The Sheer Mountain Mining Collective made a small fortune for itself in the late 19th and early 20th centuries cutting and shipping bluestone, a distinctive colored sandstone found only in New York and Pennsylvania. When the early sidewalks of the Big Apple demanded slabs of this stone, Sheer Mountain provided it, carving it out of the side of the mountain from which they took their name. When the mansions along the Gold Coast of Long Island cried for bluestone patios and pools, Sheer Mountain was there. Unfortunately, between the Great Depression and the growing concrete industry, the demand for bluestone waned. In 1933, the company went under, leaving nothing but rusting machinery at the bottom of a great pit hewn into the mountainside.
Nobody knows who started it, but the old bluestone quarry has become the final resting place for scores of decrepit automobiles, ones so rundown that even selling them for parts isn’t worth the effort. Instead, these junkers are abandoned at the bottom of the secluded quarry, left to rust amidst the briars and blackberries that are slowly reclaiming the old mine.
The variety of makes and models that rest quietly some 120’ below the lip of the quarry is simply amazing. A once-fine Cadillac sits beside an ancient Packard, now crimson and pitted with rust. Hulking trucks and 4x4s loom menacingly over sub-compacts. Raccoons and mice nest amongst the spilled upholstery while deer nibble at the grass growing around the dented hubcaps of forgotten Mazdas, Subarus, and Hondas.
On warm summer days, the quarry, called “Clunker Heaven” by the locals, is a popular site for teenagers to gather. They take their own rundown cars and trucks up a dirt road that winds along the slope of Sheer Mountain for miles, a route overshadowed by verdant branches and crossing chuckling mountain brooks, before arriving at the gravel patch that once served as the mine’s main yard. From there, it’s a short hike down the switch-back road that leads to the quarry's bottom. At the bottom, far from the sight of authority figures, they’re free to indulge in all the vices and pleasures teens find so attractive.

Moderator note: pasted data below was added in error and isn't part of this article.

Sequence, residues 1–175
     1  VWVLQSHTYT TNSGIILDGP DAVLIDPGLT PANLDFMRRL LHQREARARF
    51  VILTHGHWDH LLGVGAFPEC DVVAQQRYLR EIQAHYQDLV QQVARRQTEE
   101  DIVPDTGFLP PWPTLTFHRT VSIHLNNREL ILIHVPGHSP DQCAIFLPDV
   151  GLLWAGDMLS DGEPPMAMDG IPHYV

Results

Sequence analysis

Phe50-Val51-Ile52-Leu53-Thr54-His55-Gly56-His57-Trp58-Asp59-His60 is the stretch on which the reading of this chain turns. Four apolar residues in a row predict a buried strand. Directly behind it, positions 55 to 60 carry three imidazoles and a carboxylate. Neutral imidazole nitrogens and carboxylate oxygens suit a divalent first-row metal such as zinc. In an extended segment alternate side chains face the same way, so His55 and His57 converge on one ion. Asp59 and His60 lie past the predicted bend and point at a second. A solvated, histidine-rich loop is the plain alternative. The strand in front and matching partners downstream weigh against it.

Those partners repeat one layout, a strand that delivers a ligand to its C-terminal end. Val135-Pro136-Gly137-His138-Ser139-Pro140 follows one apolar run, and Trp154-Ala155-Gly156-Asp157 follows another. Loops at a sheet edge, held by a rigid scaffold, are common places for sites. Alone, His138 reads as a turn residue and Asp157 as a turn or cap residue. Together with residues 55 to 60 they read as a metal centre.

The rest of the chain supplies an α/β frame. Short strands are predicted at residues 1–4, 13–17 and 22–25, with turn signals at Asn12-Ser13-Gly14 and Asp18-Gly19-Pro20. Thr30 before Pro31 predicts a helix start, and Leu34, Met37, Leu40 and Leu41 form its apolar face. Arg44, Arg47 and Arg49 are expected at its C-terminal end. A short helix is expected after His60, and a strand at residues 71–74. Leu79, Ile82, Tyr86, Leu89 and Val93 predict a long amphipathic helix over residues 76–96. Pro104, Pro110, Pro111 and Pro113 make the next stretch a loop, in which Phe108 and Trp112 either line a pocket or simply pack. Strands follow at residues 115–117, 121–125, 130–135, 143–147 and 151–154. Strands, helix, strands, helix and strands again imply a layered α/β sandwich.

There are many tales told about Clunker Heaven, the kinds that would be called “urban legends" if they were told in a less bucolic setting. A popular tale is that one of the rusting autos contains a fortune in drug money, stashed here by dealers in an unsuccessful attempt to escape arrest. They’re up at Snake Hill Penitentiary now, but their stash remains undiscovered.
Another legends is that the ghost of a dead Prohibition-era mobster haunts the quarry, his bones moldering in the trunk of one of the ancient heaps from that era. He supposedly lurks amongst the rusting cars, angry at his violent death and unconsecrated grave. He inflicts horrible wounds on trespassers by causing them to cut themselves on the jagged pieces of metal which protrude from the briars and brambles. Those who do so are certain to succumb to tetanus or die from blood poisoning.
There is another legend about the place, but it’s not often repeated and only known by a few. These select folk maintain that there is something living down amongst the heaps, something that should not be. Decades of gasoline, oil, brake, and other fluids have seeped into the soil down at the bottom of the pit, polluting the water table and working its way into the plant life. These chemical have upset the natural order of things, giving birth to life that should never have seen the light of day. This mutation (or mutations) lairs amongst the cars, feeding on the larger animals that wander into the area. These meals have been sufficient to keep its hunger in check—so far. Who knows what might happen should the deer stop foraging in Clunker Heaven?